With Jason Kilar now out at Hulu, the company’s direction may soon make an abrupt change. A change in business model would seem the most likely to occur now with Kilar out of the way. But a change in business model would also mean a potential change in mission for Hulu.
Currently, Hulu’s stated mission is to, “Help people find and enjoy the world’s premium video content when, where and how they want it.” And that’s been a true mission for Hulu under Kilar’s reign. His motto? “Customers always win,” is a saying that Kilar has been known to tell his staff. But now that he’s gone, there is a huge problem at the company — there’s no one to fight for the consumer.
Hulu is owned by various media companies, including Disney, News Corp., and Comcast and its those media companies content that you will find on the site. You will notice that there is one media company whose name isn’t on that list: CBS. And that’s why its rare to find CBS owned content on the site currently. But all of that may soon change now with a new CEO coming in to Hulu, a decision I’m sure which will be greatly influenced by the major stakeholders in the company (Disney, News Corp. and Comcast).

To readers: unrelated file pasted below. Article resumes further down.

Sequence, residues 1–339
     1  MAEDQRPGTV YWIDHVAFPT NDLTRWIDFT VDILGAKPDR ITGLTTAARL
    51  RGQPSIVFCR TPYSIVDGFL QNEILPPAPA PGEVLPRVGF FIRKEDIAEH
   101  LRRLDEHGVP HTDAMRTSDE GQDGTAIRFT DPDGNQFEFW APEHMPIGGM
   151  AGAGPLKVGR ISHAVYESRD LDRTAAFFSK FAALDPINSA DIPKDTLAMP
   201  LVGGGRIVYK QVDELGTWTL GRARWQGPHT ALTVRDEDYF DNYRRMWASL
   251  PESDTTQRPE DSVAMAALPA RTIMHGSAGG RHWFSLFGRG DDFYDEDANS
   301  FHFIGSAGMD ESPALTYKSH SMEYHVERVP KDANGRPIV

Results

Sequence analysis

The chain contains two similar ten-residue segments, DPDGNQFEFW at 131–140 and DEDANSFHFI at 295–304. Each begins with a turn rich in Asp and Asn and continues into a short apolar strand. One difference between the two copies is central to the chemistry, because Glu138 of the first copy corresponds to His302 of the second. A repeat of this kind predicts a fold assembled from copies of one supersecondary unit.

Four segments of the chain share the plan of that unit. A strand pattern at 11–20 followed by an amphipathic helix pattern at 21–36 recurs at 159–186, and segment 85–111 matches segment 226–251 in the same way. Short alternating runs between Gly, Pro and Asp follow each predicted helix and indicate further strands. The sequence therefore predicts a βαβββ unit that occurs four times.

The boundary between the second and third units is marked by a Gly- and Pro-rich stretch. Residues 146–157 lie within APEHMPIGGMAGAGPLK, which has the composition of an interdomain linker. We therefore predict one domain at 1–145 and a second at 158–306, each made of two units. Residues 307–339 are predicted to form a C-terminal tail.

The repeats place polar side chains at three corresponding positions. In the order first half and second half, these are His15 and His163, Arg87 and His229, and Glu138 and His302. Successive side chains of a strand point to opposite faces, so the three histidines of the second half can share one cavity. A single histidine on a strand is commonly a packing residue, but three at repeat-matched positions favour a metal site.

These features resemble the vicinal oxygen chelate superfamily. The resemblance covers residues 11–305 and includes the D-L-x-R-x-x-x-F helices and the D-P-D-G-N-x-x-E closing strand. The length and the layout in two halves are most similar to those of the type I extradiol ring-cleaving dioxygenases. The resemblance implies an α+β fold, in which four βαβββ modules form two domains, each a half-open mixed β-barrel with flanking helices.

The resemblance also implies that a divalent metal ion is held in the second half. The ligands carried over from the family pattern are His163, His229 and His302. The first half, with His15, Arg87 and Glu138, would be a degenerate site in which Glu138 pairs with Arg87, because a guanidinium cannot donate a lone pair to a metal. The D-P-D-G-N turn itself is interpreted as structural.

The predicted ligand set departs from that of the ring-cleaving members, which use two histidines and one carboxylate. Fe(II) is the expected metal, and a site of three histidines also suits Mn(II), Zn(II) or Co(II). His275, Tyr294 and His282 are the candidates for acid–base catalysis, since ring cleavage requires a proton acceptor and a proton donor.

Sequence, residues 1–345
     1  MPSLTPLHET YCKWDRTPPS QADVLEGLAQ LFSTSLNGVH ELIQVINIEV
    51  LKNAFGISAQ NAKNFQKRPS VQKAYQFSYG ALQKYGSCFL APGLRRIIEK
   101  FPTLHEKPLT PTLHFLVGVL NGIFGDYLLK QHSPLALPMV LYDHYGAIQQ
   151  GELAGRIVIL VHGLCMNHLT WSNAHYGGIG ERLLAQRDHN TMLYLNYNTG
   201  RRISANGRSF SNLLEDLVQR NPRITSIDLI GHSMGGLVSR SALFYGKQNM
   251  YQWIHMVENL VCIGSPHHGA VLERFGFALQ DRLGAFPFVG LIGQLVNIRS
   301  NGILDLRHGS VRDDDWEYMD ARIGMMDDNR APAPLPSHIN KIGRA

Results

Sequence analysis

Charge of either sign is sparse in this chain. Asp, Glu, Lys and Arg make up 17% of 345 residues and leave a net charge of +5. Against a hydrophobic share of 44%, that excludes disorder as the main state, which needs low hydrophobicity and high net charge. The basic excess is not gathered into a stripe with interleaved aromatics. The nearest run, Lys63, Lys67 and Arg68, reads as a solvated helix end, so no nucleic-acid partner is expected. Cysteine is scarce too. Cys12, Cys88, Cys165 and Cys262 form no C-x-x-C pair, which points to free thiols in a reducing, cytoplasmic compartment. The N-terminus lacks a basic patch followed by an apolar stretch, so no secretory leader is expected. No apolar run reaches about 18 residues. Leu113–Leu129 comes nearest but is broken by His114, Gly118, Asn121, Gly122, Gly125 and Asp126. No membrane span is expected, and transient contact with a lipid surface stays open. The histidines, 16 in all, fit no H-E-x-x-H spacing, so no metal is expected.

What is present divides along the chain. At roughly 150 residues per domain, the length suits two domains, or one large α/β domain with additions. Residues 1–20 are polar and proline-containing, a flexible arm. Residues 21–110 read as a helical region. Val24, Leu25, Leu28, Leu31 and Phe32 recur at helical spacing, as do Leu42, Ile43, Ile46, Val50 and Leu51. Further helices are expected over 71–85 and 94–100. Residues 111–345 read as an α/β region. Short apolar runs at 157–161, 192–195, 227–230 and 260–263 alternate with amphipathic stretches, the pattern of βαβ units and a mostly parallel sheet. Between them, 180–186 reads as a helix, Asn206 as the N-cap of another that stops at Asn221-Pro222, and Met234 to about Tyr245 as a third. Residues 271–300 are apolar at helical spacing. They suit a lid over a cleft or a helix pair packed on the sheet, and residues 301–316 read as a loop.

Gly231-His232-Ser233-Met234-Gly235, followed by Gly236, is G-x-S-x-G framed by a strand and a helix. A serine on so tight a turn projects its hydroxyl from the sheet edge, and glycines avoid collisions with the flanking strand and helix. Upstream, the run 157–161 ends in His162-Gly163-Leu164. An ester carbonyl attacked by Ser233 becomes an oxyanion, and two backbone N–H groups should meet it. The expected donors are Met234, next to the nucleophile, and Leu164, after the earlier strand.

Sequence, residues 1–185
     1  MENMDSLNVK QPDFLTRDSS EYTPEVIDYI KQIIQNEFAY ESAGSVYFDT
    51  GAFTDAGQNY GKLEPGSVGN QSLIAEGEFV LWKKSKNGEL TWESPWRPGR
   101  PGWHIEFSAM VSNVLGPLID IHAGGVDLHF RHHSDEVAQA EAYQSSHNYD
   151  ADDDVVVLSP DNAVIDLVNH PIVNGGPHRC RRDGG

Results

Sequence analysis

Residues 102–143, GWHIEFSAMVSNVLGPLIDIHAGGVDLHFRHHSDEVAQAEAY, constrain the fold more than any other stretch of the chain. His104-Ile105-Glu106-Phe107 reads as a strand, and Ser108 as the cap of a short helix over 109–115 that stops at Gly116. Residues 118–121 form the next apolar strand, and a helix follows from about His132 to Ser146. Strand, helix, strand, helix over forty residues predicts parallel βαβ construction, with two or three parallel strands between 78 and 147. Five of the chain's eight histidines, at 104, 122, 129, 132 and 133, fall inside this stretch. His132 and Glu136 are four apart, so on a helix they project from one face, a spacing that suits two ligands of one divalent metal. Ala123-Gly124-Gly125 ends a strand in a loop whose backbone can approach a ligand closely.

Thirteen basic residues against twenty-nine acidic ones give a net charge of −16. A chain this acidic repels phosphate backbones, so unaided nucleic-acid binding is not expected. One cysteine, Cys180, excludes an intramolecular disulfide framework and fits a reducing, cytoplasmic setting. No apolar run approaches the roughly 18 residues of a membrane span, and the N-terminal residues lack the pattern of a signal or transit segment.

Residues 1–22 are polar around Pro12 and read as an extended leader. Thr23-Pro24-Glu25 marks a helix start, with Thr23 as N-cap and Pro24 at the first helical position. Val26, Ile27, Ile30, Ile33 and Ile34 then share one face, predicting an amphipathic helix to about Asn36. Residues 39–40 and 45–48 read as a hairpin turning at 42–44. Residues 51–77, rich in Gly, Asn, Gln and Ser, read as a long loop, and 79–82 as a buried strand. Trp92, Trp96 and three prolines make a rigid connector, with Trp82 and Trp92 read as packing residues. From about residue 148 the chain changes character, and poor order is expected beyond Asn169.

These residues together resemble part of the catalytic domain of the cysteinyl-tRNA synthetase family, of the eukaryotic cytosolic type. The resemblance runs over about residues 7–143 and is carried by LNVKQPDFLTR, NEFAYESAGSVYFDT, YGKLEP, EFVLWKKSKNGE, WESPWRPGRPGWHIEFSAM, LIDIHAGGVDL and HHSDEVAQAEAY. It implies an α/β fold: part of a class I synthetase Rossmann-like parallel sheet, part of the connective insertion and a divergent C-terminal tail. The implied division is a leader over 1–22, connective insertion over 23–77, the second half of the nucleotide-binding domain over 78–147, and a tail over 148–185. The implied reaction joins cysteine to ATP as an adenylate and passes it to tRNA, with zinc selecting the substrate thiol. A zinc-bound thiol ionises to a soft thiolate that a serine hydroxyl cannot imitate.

The new Hulu business model is likely to require that Hulu customers also be paying cable subscribers, meaning cutting the cord just got a whole lot more difficult. The new business model would require authentication from customers, similar to the way HBO GO requires authentication to use its app on your tablet.
A change like this would really suck for consumers, but would make these media and cable companies very happy because it would allow them to further slow down the rate of people who “cut the cord” to their cable TV subscription. And again, with Kilar out of the picture, I’m betting this change will now happen much more quickly than previously anticipated.
Which brings us back to Hulu’s original mission, the key to the mission is the last part, “Help people find and enjoy the world’s premium video content when, where and how they want it.” Soon it won’t be how you want it, but rather how the media companies want you to watch and enjoy their content.